Shelf Space: Spraying Ink on the Future
The product planners and engineers behind inkjet presses believe that spraying tiny droplets of colored ink onto a substrate is a key part of the future of label printing—and perhaps even more of packaging. And they are right. Inkjet has been gobbling up share in some segments of commercial printing, proving to be a reliable, flexible and reasonably economical technology. It’s not perfect, but there is no reason it cannot also be the go-to technology for a growing share of the labels and packaging market. Already, about half the readers of this magazine have some type of digital press handling a portion of the printing in their operation. I predict that in three years that will rise to 80 percent and that most of those will be inkjet.
I’m normally tuned in to the various models of digital presses on the market, yet as I worked on this month’s feature on inkjet presses I was surprised by the number of machines readily available and at how quickly they are evolving to meet market needs. Almost every machine can be configured with additional colors, including white, and all can handle a wide range of substrates. Finishing remains an issue, but some systems offer laser diecutting options and both inline and nearline finishing options are, or will soon be available.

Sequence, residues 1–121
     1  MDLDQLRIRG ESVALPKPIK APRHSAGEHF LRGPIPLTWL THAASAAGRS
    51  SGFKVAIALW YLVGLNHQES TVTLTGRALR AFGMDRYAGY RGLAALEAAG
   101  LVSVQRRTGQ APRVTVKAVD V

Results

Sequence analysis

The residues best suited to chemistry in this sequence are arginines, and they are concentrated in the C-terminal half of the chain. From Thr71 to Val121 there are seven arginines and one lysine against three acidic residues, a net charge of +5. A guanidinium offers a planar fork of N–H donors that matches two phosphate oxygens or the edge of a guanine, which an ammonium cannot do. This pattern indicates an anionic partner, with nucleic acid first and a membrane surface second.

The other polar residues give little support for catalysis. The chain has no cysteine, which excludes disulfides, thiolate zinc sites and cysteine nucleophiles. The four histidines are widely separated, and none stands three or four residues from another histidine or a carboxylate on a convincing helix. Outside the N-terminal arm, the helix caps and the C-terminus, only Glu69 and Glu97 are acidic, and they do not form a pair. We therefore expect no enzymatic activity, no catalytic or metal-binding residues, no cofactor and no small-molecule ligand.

Then there’s speed. The inkjet presses intended for labeling initially ran at very low speeds, a function of delivering the image quality needed and ensuring inks would dry or cure correctly on the substrate. Now, though, most inkjet machines run much faster, some approaching 250 feet per minute.
Still, speed is a relative issue. While there are many jobs running on flexo presses that go for tens of thousands of feet or more and need high throughput, there is a growing segment of far shorter jobs where sheer speed is not critical. In the past few months, I’ve talked with converters who have had 100,000-foot label runs that required 50 plate changes to accommodate differences in SKU, color, or image for essentially the same product. At the same time, owners of inkjet presses are telling me the average run lengths on their digital presses are 2,000 to 5,000 feet. More SKUs, new products from major, regional and local brands, and a desire to control inventory costs and waste all drive shorter run lengths.
When you do the math, the labor costs associated with making new plates, stopping a press, changing plates, perhaps adding or changing inks, getting back up to color, and wasted materials add up quickly. Aside from the impact on profitability, they also reduce the actual throughput speed of a conventional press and increase the cost of the finished product, especially for modest run lengths.
Inkjet clearly changes the game, and the story is not only marketing hype from the digital-only intruders. Companies with their roots in conventional printing are rolling out both digital and hybrid systems and streamlining changeover processes to help analog presses compete on a short-run playing field. The proof is out there in examples of how label printers are answering customer needs for shorter runs, targeted markets and specialty orders.
The time has come to evaluate how inkjet presses may fit into your operation. For many shops, inkjet may make the difference between doing OK—and thriving. pP
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